Spotlight on Heritage Grantee PreventEd

Part of the eligibility for a Heritage Grant from YouthBridge is a nonprofit leadership that is eager to participate in a core capacity assessment during its three-year funding timeframe. PreventEd certainly fits the criteria. “Obviously, the grant money is wonderful, but we are especially excited about the opportunity to get an outside view of our current strategic plan and organizational effectiveness,” says Nichole Dawsey, Executive Director of PreventEd, formerly the National Council on Alcoholism and Drug Abuse. She hopes the assessment will help inform decisions around evaluating impact, continuity or succession planning, professional development for middle managers and “other areas where we may not even be aware of the gaps.”

Dawsey also says the grant money will go a long way in helping to grow PreventEd’s efforts in advocacy. “That’s advocacy with a small ‘a’,” she explains. “It’s not political, or lobbying, but using your influence to advance your mission.” That mission has definitely evolved over the past 57 years, she says, but it’s continued to center on changing the stigma surrounding substance use disorder and help those struggling to find recovery.

“We’ve never provided treatment, or endorsed any particular modality,” says Dawsey. “Our role has been to work toward a community free of alcohol and other drug addiction and misuse through education, intervention and advocacy.” An important part of education and intervention, she says, involves beginning the necessary conversations with children as early as Kindergarten. “Children are exposed to so much information and misinformation from a young age, they may have access to drugs and alcohol in the home, and likely have peers experimenting with substances, so it’s important to talk early and often.”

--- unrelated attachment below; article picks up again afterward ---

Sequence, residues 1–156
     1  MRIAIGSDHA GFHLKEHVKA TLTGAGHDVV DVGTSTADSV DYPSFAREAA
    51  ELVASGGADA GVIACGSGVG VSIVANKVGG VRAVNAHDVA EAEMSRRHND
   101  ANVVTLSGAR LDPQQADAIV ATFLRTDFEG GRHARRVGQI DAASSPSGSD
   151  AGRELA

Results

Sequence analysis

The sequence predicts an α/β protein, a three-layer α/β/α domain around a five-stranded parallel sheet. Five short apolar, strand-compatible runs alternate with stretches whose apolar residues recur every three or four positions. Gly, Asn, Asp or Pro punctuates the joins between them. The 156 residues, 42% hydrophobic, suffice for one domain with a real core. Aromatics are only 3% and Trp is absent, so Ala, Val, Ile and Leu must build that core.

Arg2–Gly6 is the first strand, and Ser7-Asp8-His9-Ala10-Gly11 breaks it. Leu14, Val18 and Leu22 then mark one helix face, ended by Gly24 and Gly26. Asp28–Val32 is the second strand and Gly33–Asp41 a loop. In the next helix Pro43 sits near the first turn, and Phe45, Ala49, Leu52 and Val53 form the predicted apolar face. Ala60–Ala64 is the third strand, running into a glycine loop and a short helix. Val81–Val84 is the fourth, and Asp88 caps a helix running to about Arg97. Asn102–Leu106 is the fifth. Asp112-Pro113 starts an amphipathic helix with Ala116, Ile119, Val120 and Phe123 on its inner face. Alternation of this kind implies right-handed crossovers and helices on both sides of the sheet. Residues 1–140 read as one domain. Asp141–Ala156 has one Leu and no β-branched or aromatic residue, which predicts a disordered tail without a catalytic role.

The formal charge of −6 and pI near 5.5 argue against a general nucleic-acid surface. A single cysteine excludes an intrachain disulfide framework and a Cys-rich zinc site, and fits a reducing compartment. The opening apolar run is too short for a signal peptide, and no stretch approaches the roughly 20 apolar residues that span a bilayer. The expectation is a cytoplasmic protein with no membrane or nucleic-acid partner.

Through its school-based prevention programs, PreventEd provides four-lesson units specific to grade level, with elementary school topics focused on building life skills and healthy friendships, middle school sessions on making healthy choices and navigating peer pressure, and in high school, discussions on how to be a positive influence or speak to someone whose substance use or other behavior is a cause for concern. Taking the idea of being a prevention advocate further, the organization also has Youth Leadership programs that equip high school students to lead prevention of substance misuse in their schools and communities.

“Everyone either remembers or has likely heard of the ‘Just Say No’ mantra of the eighties,” says Dawsey. “Today, we know how much more complicated substance abuse is, including alcohol, and how ineffective prevention is without getting to the root causes and providing individuals, especially young people, the tools they need to make key decisions.”

According to PreventEd’s annual report, more than 50,000 students received its school-based prevention training last year, with 90% of students reporting that the program influenced them to stay away from cannabis and 89% feeling more confident about handling peer pressure.

Youth also play an essential role in advocacy, says Dawsey, so the organization convenes a teen-led coalition of 9th-12th graders who use their voices to advocate for substance use prevention and mental health issues that impact the lives of teens. The coalition meets monthly and also plans an annual advocacy event in Jefferson City, where participants have legislative visits with State Senators and Representatives.

“Our current generation is paying attention to the drug crisis and extremely mindful of what they put in their bodies,” she says. “They make me optimistic because they are the ones who will be leading the change.”

If you would like to donate or have any questions about this organization, please contact Allison McDonald.